The need for South African agriculture to expand into new export markets is highlighted in an article by agricultural economist Wandile Sihlobo.
The article, carried in a number of publications, focused on the success of the country’s agricultural exports and the possibilities of expanding into additional new markets.
Sihlobo said that, while exports were expanding in both volume and value terms, they were concentrated in too few markets.
In the first quarter of this year, the main export markets for South African agricultural products were Africa (35% in value terms), Asia (28%) and the European Union (21%).
Sihlobo also noted that increased agricultural production, and particularly exports, was essential to sustain and revive small towns in rural South Africa.
“South Africa’s agricultural sector is export-oriented. Thus, any improvements in production through various development plans, such as the Agriculture and Agro-processing Master Plan, should be anchored on expanding export markets,” he wrote.
“Japan, China, India, Saudi Arabia, Bangladesh, the Philippines and South Korea are key markets in which South African agribusinesses and farmers are interested in expanding their presence. It’s also important to maintain a relationship with the existing key markets.
“All this should happen while domestic efforts to improve the functioning of the network industries are under way. This will be the only realistic path to maintaining the growth of this sector and, with that, job creation and vibrancy of the rural towns.”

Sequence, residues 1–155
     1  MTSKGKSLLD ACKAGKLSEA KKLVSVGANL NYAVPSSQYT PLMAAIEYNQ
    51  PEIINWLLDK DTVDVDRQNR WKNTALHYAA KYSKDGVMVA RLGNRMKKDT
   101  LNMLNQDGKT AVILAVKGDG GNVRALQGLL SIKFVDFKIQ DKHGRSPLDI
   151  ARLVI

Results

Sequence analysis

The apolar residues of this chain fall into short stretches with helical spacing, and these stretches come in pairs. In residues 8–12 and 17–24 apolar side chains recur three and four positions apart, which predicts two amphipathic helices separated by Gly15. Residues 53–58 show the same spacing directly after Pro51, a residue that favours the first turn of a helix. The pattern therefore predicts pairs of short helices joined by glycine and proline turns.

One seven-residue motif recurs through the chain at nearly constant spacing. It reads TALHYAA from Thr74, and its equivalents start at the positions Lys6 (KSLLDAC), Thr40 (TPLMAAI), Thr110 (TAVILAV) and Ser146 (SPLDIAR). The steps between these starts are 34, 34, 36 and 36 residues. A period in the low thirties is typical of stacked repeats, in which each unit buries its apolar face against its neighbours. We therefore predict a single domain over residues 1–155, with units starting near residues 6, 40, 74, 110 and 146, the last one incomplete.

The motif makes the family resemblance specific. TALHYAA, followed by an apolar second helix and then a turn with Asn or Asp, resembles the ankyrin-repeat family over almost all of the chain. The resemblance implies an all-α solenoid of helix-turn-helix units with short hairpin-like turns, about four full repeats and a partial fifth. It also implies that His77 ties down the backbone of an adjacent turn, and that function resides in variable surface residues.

The top exportable products were citrus, maize, apples, pears, wine, grapes, figs, dates, avocados, nuts, fruit juices, wheat, wool and sugar, among others.
The “others” unfortunately do not include poultry, which features only on the imports side, despite South Africa being one of the most efficient producers globally and more efficient than any EU country. Exports have been minuscule (less than 4% of domestic production) but plans are afoot to change that, including through the poultry master plan.
The plan includes both expanded production and the opening of new export markets. The local industry says it will be “export ready” by the end of this year. Perhaps by this time next year, poultry will no longer be left off the list.